Relation between pore water pressures and movements in reactivated landslides: A case study from Turkey

Huvaj Sarıhan, Nejan
Gündoğdu, Bora
Reactivated landslides in stiff clays and shales typically move on a pre-existing shear surface and they display little or no internal deformation within the sliding mass. These landslide movements can be classified in “extremely slow” and “very slow” categories, with rates of movement of less than 16 mm/year, and between 16 mm/year to 1.6 m/year, respectively, according to the classification by Cruden and Varnes (1996). The rate of movement in these landslides increase with an increase in porewater pressure acting on the failure surface. The slow but pervasive movements of reactivated landslides are not expected to cause loss of life, however, they can severely damage structures including residential developments on slopes, or interrupt the serviceability of lifelines. These movements have a much longer life than rapid landslides; in some cases they last centuries or hundreds of years (e.g. Washington Park Reservoir slide in Oregon), indicating a potential use of monitoring, early warning and forecasting systems. The relations between piezometric levels, factor of safety and rate of movements can possibly be used as a forecasting tool. In recent years, some researchers have suggested linear or nonlinear relations between the movement rate and pore pressures on the pre-existing shear surface. It might be possible to come up with such relations, and together with established values of rate of movements, they can be used in defining different warning/alarm levels for a landslide. In this study we will investigate the relations between rainfall, piezometric levels, factor of safety and rate of movements for a reactivated landslide case history in Turkey, in addition to other landslides in the literature. This landslide is an example of a slow-moving, deep seated landslide in cohesive material with movement rates of up to 15 cm/year. The landslide movements have been observed in the past 60 years and movements have caused buildings to tilt, settle and crack significantly. The displacements have been observed to increase with every rainfall, with increase in the piezometric levels in the marl and sandstone beds forming the slope. Relations between the rise in groundwater level, factor of safety and the rate of movement in this reactivated landslide is presented for a possible use in early warning systems. Such correlations may be improved as more monitoring information becomes available.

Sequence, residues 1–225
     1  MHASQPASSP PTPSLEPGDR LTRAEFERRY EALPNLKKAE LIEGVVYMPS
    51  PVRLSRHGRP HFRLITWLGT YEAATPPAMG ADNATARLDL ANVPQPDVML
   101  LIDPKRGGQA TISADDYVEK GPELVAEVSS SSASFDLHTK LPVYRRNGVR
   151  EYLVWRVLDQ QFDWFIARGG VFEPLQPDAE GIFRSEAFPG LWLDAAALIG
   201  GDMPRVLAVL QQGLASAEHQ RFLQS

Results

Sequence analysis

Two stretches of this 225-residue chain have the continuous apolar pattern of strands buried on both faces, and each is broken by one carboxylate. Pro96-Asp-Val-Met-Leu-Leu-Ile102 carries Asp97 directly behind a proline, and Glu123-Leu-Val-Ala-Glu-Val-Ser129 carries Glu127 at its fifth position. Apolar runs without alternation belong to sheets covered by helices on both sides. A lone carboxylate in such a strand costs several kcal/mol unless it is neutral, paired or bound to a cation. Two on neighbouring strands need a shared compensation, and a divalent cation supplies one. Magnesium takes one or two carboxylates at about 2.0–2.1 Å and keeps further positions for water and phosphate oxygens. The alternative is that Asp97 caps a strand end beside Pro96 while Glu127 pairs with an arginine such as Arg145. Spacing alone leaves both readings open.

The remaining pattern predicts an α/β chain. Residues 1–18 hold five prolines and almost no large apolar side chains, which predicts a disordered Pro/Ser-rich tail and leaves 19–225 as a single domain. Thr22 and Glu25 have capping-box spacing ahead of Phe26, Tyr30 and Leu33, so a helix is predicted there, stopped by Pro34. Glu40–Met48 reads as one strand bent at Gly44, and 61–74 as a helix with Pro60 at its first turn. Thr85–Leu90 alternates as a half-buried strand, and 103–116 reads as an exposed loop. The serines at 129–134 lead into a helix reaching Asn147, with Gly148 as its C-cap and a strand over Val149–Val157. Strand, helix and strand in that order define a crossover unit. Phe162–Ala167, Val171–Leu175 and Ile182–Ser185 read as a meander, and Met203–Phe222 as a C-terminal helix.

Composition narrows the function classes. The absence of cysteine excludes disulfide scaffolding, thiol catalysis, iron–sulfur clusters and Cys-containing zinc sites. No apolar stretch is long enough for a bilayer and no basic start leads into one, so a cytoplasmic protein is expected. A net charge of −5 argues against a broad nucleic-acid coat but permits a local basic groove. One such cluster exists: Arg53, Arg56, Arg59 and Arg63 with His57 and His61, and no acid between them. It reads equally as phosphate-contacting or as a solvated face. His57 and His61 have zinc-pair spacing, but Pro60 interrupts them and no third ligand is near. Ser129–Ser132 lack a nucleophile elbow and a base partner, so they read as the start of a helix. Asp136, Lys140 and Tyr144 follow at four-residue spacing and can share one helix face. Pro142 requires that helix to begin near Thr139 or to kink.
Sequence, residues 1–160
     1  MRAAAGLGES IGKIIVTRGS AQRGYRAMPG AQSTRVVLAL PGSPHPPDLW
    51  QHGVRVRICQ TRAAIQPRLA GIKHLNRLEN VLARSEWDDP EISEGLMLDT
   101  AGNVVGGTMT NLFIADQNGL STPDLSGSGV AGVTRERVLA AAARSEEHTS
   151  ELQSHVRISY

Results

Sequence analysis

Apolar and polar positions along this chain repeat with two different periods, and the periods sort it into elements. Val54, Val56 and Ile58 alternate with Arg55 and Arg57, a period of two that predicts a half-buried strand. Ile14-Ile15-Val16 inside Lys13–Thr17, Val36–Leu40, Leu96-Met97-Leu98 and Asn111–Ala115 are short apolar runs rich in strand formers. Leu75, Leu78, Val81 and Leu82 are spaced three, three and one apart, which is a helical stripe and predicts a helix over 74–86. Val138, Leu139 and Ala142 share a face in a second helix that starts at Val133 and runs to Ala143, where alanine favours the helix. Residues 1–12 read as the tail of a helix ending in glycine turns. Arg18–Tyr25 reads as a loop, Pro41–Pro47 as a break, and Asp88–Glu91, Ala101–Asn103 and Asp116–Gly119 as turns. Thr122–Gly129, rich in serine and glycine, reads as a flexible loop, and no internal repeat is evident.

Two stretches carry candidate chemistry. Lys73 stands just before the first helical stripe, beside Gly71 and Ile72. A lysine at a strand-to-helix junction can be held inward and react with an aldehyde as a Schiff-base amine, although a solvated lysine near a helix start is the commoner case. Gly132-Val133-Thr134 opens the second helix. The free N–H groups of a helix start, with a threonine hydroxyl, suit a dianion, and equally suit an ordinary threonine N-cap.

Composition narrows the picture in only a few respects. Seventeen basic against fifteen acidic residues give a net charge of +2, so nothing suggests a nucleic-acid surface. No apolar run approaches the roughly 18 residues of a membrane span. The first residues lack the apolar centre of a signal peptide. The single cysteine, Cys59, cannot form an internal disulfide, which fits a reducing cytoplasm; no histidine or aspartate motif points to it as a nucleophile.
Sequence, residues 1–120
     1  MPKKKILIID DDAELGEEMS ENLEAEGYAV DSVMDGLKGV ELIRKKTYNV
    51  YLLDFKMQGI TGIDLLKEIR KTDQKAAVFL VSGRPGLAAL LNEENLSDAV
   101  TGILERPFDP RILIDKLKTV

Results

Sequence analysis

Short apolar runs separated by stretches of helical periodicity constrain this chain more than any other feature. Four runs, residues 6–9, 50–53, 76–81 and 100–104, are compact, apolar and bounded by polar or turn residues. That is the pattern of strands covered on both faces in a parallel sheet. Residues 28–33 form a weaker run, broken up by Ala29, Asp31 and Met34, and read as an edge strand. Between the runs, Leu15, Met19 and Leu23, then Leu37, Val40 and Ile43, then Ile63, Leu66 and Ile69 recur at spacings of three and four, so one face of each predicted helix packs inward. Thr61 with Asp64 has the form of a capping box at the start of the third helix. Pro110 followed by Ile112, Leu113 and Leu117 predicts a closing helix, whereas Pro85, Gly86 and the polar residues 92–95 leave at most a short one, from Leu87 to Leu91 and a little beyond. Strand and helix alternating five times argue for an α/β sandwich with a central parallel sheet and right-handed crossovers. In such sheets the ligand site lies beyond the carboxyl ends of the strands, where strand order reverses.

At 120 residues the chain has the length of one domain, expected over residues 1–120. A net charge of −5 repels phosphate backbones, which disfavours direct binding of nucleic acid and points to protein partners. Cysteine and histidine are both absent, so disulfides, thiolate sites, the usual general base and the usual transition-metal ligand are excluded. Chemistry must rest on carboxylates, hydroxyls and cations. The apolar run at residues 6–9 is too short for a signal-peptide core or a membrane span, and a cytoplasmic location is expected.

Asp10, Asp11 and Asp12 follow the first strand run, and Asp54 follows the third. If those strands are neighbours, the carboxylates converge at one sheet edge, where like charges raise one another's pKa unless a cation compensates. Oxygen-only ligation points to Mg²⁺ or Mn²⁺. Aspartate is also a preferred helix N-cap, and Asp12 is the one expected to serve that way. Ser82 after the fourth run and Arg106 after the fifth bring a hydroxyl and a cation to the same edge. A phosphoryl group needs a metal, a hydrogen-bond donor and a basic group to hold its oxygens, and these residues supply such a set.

Citation Formats
N. Huvaj Sarıhan and B. Gündoğdu, “Relation between pore water pressures and movements in reactivated landslides: A case study from Turkey,” Vienna, Austria, 2010, vol. 12, Accessed: 00, 2021. [Online]. Available: